By: Rachel Schumacher
The Child Care and Development Block Grant (CCDBG) Act of 2014 made major changes designed to protect the health and safety of children in early care and education (ECE) settings. The foundation of high-quality child care that promotes child development involves efforts to improve children’s health, safety, and well-being. When fully implemented, the changes in the CCDBG Act of 2014 will expand the availability of quality child care and will benefit the more than 1.4 million children and families receiving child care subsidies. These reforms will also enrich the lives of children who receive no direct assistance from the Child Care and Development Fund (CCDF) program but who will benefit from ECE environments that support their health, safety, and well-being.
The CCDBG Act of 2014 included several provisions related to health and safety, training, and monitoring that States, Territories, and Tribes will have to implement for all providers receiving payments from the CCDF program. Revising requirements and creating new ones can be challenging and time-consuming. To support licensing administrators and CCDF administrators as they begin to consider revisions to State standards for licensed and license-exempt providers, the National Center on Early Childhood Quality Assurance (ECQA Center) has developed nine new briefs addressing the health and safety topics specified in the law.
We encourage States, Territories, and Tribes to take advantage of this opportunity to better safeguard children’s health and safety while increasing awareness among child care providers and families.
Brief #3: Prevention of and Response to Emergencies Due to Food and Allergic Reactions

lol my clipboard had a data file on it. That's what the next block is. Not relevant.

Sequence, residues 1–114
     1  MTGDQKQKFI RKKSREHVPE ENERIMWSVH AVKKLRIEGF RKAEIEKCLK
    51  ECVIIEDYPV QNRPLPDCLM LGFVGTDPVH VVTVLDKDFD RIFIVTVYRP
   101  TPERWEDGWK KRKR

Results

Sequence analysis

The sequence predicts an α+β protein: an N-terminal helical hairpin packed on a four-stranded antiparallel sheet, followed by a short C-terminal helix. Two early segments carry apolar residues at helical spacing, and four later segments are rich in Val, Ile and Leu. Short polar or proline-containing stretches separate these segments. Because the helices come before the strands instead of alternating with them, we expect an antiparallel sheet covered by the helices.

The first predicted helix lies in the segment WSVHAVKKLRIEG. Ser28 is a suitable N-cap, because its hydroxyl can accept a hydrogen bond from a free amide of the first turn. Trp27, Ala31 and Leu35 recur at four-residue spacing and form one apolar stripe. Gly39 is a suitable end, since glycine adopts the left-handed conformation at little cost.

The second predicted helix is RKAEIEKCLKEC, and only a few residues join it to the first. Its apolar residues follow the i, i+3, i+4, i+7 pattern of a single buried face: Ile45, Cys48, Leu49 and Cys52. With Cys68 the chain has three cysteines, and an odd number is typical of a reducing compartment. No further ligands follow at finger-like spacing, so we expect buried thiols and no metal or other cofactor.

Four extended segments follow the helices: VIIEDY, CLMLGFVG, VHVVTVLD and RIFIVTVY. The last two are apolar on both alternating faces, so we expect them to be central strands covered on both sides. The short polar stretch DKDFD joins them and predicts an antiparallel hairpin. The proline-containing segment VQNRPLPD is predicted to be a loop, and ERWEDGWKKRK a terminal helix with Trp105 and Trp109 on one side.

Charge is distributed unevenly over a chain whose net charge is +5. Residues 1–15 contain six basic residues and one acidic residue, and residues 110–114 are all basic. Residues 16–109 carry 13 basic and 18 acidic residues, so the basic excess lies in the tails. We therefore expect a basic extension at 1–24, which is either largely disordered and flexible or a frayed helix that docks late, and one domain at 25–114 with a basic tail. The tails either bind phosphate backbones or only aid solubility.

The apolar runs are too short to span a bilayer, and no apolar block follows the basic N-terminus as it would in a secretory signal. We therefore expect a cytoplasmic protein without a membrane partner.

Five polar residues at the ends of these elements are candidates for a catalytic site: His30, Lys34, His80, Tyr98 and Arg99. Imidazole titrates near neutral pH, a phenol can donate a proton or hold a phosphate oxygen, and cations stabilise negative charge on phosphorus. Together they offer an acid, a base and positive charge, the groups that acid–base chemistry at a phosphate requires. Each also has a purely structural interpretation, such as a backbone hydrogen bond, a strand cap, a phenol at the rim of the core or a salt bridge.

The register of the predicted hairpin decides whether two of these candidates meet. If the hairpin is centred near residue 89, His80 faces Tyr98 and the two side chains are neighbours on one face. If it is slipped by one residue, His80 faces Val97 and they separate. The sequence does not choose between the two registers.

Brief #4: Reducing the Risk of Sudden Infant Death Syndrome and Using Safe Sleeping Practices
Brief #7: Handling, Storing, and Disposing of Hazardous Materials and Biological Contaminants
Each brief provides the following:
Excerpts from Federal CCDF program requirements
Excerpts of relevant language from Caring for Our Children Basics: Health and Safety Foundations for Early Care and Education, which represents the minimum health and safety standards that experts believe should be in place where children are cared for outside their homes
Links to relevant language in Caring for Our Children: National Health and Safety Performance Standards; Guidelines for Early Care and Education Programs, Third Edition, which represents best practices with respect to health and safety in ECE settings and helps programs and providers implement Caring for Our Children Basics, understand the research and rationale behind the standards, and move to higher levels of quality in health and safety
Examples of regulatory requirements for licensed and license-exempt providers that represent a range of approaches taken by States
Additional resources that provide the rationale; support recommended changes; and further inform stakeholders, licensors, and providers about each health and safety topic.
In addition to supporting licensing administrators and CCDF administrators, the briefs can also be of value to ECE and school-age care and education providers seeking to improve health and safety within their learning environments.
The briefs can be found on the Early Childhood Training and Technical Assistance System Web site at https://childcareta.acf.hhs.gov/topics/health-and-safety-and-licensing. For additional support, please contact the ECQA Center at QualityAssuranceCenter@ecetta.info.
Office of Child Care
Office of Child Care
Administration for Children and Families
U.S. Department of Health and Human Services
Mary E. Switzer Building, Fourth Floor, MS 4425
330 C Street, S.W.
Washington, DC 20201
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Fax: (202) 690-5600
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Web site: http://www.acf.hhs.gov/programs/occ
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